Oct 222015
 

As I was observing my students teaching I stood in an elementary school hallway and saw this display.

2015-09-28 12.56.29

This was on both sides of the hallway, 15 on one wall, 15 on the other. So you don’t have to blow it up to see, I will explain it. Each page says, “Who am I” and below that says, “My favorite: book, subject, pet, food, hobby, tv show, I’m Good at, When I grow up, I would like to be” on the left with blanks to fill in.

Here is the thing that really made me smile, and then get angry. Between the two boards, over half of the students  said “My Favorite Subject is Math” or “I’m good at Math.”

No joke. This is a Title 1 elementary school, and in the sample of these two classrooms, these learners said they enjoy or they were good at math.

I was so happy.

Then I thought about high school math and I got angry.

Where does this joy go?

At what point in the education trajectory of learners does the joy disappear to be replaced by frustration, anger and dislike?

And then the bigger question of Why? What changed? The learners didn’t change? They progress through the classes, learning, enjoying, and being good at math.

My conclusion was that WE, teachers, the adults, change how we approach the math. I can only speak to high school, but I know I would have many discussions about math in PLC’s, and trying to steer the conversation to the learners is tough with some teachers. Why was this hard? It should be the standard.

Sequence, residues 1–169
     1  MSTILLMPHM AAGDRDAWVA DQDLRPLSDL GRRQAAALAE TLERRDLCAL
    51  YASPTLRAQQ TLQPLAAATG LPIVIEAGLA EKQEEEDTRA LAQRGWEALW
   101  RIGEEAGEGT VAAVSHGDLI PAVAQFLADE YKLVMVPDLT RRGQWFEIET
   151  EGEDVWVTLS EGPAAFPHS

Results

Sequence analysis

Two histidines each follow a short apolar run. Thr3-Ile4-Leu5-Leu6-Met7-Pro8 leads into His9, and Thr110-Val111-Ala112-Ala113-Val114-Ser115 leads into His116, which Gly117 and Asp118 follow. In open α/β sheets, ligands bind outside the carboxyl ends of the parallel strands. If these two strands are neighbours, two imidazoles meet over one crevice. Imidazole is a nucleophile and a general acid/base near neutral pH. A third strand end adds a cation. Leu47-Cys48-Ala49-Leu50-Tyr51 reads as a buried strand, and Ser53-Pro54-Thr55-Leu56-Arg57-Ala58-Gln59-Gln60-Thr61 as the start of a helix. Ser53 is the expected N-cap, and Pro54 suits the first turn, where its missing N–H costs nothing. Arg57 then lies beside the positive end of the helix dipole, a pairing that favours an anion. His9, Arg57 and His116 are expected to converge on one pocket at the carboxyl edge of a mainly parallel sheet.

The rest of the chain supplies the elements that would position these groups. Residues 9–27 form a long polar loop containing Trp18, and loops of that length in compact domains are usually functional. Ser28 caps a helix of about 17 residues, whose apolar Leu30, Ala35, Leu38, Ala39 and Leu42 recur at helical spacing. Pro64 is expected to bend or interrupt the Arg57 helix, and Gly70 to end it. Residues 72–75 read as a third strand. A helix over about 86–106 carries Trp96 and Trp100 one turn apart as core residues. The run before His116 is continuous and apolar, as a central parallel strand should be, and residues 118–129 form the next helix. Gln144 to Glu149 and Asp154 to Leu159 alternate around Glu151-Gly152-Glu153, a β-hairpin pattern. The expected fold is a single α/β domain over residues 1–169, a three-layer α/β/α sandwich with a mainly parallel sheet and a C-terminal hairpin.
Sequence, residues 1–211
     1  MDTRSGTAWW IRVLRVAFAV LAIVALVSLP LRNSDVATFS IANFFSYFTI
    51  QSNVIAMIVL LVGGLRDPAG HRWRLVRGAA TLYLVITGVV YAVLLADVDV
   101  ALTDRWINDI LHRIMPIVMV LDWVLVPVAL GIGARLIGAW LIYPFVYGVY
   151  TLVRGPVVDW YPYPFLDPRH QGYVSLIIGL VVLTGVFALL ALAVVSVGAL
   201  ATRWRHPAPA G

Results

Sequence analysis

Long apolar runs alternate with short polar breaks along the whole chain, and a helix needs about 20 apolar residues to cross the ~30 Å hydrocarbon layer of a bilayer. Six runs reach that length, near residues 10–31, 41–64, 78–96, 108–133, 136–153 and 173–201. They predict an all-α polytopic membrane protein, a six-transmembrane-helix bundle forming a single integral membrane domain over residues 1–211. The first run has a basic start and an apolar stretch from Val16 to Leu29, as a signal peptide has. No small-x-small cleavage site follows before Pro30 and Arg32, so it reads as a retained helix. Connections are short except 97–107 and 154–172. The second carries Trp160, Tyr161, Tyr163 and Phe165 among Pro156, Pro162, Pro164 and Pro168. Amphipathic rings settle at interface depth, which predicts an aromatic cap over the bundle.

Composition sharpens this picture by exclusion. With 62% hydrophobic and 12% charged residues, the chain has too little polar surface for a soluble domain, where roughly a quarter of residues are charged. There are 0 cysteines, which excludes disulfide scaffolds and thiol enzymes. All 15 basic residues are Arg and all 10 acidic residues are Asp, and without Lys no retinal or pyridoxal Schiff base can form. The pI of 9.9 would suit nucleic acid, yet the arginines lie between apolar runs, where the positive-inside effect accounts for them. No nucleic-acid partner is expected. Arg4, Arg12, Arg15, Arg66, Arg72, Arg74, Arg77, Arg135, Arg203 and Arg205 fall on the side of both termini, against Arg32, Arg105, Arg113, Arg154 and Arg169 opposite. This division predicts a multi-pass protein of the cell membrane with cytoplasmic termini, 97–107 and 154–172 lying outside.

It is not about content, it is about learners; people, human beings with needs and desires. Are we showing them through interesting problems they need the math? Why not?

Dan Meyer has been asking frequently, if xxxx is the headache, how is yyyyyy the aspirin? This is the right question we, as upper level K-12 teachers, need to be asking. Over and over. How are we fulfilling the needs of our learners? It isn’t with “it is on the test.”

I don’t have any answers to questions in this post. I really needed to share the picture. A picture of a group of learners who truly enjoyed math, and the emotional response I had to it. It shook me to the core to realize that as a math teacher, I was and am part of the problem.

I will be part of the solution too.

Just to end on a happy note, one of my learners from last year tweeted me and made me smile. People. I teach people. Not content.

  2 Responses to “Where does the joy go?”

  1. What grade level were those from? From what I’ve read and seen, most kids love math up until about 3rd grade, and then it dwindles.

    You were concerned about the high school teachers. I am more concerned about the elementary teachers. They have not chosen math. My guess is that a large majority of them are uncomfortable with math, and pass that along to the kids.

  2. These were two 4th grade classrooms. The teachers I have been working with in my Teacher Ed program are all in a STEM program (we were careful about who we selected to be Mentors). They are very engaged and active in math and science ed, in addition to the humanities. I would love to track their learners and see what they do in 10 years. It would be very interesting information.

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